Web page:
Whether you’re using wireless internet in a coffee shop, stealing it from the guy next door, or competing for bandwidth at a conference, you have probably gotten frustrated at the slow speeds you face when more than one device is tapped into the network. As more and more people and their many devices access wireless internet, clogged airwaves are going to make it. One germen phycist.Harald Haas has come up with a solution he calls “data through illumination” –taking the fibber out of fiber optic by sending data through an LED light bulb that varies in intensity faster than the human eye can follow. It’s the same idea band behind infrared remote controls but far more powerful. Haas says his invention, which he calls DLIGHT, can produce data rates faster than 10 megabits per second, which is speedier than your average broadband connection. He envisions a future where data for laptops, smart phones, and tablets is transmitted through the light in a room. And security would be snap – if you can’t see the light, you can’t access the data.
Keywords: LED (Light emitted diode), Wi-Fi, VLC
LiFi is transmission of data through illumination by taking the fiber out of fiber optics by sending data through a LED light bulb that varies in intensity faster than the human eye can follow.Li-Fi is the term some have used to label the fast and cheap wireless-communication system, which is the optical version of Wi-Fi. The term was first used in this context by Harald Haas in his TED Global talk on Visible Light Communication. “At the heart of this technology is a new generation of high brightness light-emitting diodes”, says Harald Haas from the University of Edinburgh, UK,”Very simply, if the LED is on, you transmit a digital 1, if it’s off you transmit a 0,”Haas says, “They can be switched on and off very quickly, which gives nice opportunities for transmitted data.”It is possible to encode data in the light by varying the rate at which the LEDs flicker on and off
to give different strings of 1s and 0s.The LED intensity is modulated so rapidly that human eye cannot notice, so the output appears constant. More sophisticated techniques could dramatically increase VLC data rate. Terms at the University of Oxford and the University of Edingburgh are focusing on parallel data transmission using array of LEDs, where each LED transmits a different data stream. Other group are using mixtures of red, green and blue LEDs to alter the light frequency encoding a different data channel.Li-Fi, as it has been dubbed, has alreadyachieved blisteringly high speed in the lab. Researchers at the Heinrich Hertz Institute in Berlin,Germany,have reached data rates of over 500 megabytes per second using a standard white-light LED. The technology was demonstrated at the 2012 Consumer Electronics Show in Las Vegas using a pair of Casio smart phones to exchange data using light of varying intensity given off from their screens, detectable at a distance of up to ten metres.[pic]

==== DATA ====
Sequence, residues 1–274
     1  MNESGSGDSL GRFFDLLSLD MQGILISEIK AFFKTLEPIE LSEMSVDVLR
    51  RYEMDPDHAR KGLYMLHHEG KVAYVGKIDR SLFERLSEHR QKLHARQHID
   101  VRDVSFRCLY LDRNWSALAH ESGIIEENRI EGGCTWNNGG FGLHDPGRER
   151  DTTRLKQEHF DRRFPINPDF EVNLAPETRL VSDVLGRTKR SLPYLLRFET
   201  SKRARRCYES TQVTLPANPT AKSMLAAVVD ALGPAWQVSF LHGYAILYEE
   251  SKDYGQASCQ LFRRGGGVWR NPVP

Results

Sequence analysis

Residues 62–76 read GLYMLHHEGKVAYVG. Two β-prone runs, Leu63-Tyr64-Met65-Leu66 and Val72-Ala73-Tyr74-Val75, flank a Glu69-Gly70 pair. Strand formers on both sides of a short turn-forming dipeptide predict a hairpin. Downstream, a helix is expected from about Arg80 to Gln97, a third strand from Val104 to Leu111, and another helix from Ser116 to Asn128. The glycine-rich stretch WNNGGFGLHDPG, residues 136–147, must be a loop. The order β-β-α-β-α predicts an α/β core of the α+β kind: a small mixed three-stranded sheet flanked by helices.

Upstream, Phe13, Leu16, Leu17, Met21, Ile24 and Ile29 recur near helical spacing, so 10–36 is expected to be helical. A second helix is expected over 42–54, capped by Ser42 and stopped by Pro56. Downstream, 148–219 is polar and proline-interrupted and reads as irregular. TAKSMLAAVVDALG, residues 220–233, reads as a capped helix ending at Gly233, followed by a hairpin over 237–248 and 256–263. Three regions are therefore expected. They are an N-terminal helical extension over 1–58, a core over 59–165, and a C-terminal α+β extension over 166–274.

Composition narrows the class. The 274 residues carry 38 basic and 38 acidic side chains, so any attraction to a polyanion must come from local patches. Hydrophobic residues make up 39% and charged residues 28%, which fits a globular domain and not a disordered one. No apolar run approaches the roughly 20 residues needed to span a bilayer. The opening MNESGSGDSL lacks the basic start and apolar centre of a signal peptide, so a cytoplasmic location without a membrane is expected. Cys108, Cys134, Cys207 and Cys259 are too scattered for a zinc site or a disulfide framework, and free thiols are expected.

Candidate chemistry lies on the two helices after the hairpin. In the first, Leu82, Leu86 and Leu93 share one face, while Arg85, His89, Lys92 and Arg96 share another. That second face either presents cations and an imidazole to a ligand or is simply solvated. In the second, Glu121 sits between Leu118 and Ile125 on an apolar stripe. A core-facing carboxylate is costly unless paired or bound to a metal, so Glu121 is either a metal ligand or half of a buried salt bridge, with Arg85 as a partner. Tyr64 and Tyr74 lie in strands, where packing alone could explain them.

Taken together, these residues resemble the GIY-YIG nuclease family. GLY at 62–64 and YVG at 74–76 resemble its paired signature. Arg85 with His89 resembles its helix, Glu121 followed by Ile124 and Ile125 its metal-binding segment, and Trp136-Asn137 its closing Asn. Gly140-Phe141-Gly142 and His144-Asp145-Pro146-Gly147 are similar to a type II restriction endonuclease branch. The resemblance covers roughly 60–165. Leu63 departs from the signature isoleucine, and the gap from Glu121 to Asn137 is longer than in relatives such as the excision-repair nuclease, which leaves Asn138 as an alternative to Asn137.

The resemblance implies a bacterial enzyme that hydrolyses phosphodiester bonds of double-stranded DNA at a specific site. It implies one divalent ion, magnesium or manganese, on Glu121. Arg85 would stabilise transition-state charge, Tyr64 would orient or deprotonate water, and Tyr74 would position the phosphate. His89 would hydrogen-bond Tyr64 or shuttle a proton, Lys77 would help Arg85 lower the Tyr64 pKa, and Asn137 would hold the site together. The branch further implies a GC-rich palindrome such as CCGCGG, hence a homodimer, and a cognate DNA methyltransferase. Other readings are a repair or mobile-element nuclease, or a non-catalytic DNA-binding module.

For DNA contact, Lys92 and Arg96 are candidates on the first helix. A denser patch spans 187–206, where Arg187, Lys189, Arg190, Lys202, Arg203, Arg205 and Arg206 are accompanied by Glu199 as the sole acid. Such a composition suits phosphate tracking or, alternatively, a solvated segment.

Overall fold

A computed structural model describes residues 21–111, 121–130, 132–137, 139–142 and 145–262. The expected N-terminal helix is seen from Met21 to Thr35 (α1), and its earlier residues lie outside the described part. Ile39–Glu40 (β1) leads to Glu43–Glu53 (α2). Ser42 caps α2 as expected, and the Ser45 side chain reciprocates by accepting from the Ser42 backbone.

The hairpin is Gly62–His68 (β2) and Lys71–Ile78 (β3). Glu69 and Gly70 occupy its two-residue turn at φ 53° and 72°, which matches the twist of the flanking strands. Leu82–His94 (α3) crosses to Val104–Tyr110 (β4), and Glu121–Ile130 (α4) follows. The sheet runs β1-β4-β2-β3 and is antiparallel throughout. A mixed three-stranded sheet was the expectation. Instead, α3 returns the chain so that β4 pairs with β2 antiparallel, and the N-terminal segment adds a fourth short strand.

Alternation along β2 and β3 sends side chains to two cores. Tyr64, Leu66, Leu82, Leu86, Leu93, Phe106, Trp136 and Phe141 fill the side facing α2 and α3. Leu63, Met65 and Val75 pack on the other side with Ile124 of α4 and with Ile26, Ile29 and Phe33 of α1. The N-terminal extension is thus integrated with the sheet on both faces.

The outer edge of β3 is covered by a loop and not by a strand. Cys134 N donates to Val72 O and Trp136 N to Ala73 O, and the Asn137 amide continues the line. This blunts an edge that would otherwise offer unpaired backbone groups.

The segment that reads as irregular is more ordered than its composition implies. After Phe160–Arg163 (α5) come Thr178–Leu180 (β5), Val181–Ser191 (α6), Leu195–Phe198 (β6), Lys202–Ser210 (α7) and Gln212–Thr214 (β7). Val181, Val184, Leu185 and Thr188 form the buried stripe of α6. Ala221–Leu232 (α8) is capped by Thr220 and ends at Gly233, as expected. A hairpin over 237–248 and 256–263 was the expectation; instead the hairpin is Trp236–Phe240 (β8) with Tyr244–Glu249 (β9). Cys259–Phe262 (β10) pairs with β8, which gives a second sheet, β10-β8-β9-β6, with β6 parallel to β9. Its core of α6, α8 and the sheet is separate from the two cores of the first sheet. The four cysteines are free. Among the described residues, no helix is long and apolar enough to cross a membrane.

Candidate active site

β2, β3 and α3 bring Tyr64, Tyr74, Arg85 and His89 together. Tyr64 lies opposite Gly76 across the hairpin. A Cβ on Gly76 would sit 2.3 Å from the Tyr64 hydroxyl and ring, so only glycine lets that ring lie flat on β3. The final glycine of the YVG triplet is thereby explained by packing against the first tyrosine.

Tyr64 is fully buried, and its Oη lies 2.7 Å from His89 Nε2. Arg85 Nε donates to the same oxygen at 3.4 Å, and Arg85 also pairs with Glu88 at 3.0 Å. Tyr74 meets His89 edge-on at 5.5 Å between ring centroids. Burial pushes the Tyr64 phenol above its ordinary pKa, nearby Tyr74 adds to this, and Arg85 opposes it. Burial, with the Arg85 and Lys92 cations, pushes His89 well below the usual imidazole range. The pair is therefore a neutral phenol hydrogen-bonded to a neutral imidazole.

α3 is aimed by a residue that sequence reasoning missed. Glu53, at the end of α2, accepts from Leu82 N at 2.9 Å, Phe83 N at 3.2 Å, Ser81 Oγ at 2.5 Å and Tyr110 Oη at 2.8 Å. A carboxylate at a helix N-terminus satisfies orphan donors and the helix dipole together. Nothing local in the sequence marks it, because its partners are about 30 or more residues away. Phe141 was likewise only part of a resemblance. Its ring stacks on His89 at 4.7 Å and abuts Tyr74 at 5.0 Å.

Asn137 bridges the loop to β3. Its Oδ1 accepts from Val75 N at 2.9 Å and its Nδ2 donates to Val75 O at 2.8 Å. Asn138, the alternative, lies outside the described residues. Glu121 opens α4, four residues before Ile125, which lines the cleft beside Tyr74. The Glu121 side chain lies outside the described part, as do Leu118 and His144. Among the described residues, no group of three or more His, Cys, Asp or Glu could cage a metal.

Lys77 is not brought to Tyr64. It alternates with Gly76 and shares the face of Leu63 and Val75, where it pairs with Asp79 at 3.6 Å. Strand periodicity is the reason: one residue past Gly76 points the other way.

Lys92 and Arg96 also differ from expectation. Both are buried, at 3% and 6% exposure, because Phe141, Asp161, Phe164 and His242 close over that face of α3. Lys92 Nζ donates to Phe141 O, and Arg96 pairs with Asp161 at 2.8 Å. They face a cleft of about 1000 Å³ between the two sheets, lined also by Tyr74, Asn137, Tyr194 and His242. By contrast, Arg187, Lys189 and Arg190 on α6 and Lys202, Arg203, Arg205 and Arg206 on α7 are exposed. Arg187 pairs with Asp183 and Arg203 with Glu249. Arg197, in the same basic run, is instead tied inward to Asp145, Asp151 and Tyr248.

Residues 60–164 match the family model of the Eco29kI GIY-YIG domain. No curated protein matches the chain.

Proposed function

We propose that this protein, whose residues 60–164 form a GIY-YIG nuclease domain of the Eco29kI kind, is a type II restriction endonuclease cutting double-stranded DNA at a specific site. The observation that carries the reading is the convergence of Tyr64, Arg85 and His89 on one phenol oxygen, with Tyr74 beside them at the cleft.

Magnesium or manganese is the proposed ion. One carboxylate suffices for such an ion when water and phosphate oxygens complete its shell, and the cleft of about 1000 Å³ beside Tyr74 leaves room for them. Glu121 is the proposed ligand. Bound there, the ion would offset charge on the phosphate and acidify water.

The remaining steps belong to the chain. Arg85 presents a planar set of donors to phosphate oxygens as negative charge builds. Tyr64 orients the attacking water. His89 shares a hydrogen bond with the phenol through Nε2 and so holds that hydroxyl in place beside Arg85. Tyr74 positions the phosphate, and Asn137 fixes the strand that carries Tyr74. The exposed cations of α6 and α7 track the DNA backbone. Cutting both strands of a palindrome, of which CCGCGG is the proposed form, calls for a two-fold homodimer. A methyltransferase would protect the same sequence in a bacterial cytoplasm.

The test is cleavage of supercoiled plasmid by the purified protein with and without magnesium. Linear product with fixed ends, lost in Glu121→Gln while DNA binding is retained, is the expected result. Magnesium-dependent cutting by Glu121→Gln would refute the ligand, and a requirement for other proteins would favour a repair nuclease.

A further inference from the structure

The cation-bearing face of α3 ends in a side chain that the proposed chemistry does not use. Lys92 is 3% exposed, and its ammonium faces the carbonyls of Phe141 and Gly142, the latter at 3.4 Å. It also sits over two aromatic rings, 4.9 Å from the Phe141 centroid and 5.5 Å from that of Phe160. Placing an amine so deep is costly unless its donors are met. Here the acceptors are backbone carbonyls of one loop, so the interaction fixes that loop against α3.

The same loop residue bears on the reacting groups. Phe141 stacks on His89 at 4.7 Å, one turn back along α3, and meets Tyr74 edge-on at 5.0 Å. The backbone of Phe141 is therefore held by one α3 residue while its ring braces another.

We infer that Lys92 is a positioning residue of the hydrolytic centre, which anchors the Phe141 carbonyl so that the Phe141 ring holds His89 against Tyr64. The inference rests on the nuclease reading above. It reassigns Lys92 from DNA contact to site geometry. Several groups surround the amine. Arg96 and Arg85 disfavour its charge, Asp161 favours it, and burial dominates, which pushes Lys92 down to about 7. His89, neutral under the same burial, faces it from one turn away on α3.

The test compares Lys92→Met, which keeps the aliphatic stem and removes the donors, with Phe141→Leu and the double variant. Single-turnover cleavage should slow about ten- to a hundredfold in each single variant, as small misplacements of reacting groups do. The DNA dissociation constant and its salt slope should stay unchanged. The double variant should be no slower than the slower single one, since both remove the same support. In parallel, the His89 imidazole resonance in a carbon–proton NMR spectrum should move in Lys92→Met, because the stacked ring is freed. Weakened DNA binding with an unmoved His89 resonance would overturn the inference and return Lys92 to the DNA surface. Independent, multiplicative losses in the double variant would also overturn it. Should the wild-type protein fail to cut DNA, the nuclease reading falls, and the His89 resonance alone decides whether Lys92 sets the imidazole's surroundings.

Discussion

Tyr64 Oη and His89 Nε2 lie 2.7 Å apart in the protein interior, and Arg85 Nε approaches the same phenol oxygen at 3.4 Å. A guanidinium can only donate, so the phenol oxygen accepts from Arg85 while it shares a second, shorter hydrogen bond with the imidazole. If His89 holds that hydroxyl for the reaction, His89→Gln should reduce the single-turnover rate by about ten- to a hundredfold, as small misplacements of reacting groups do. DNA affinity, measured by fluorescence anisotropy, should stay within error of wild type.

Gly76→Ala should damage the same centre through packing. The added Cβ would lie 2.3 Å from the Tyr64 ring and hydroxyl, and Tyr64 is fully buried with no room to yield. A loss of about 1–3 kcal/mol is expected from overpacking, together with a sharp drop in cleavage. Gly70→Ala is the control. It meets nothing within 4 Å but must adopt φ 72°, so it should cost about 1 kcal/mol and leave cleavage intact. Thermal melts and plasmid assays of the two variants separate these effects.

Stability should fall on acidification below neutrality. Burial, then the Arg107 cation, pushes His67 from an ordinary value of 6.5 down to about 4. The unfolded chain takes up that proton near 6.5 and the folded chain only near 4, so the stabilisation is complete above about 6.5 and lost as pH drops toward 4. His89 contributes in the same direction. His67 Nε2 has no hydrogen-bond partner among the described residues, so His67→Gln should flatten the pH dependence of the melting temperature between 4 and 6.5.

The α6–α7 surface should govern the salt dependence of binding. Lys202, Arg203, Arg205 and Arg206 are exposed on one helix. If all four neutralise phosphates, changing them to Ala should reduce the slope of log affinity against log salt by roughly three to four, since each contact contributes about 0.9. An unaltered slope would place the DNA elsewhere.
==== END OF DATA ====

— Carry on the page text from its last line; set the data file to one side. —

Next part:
Fig.1 Li-Fi enviorment
In October 2011 a number of companies and industry groups formed the Li-Fi Consortium, to promote high-speed optical wireless systems and to overcome the limited amount of radiobased wireless spectrum available by exploiting a completely different part of the electromagnetic spectrum. The consortium believes it is possible to achieve more than 10 Gbps, theoretically allowing a high-definition film to be downloaded in 30 seconds.
This brilliant idea was first showcased by Harald Haas from University of Edinburgh, UK, in his TED Global talk on VLC. He explained,” Very simple, if the LED is on, you transmit a digital 1, if it’s off you transmit a 0. The LEDs can be switched on and off very quickly, which gives nice opportunities for transmitting data.” So what you require at all are some LEDs and a...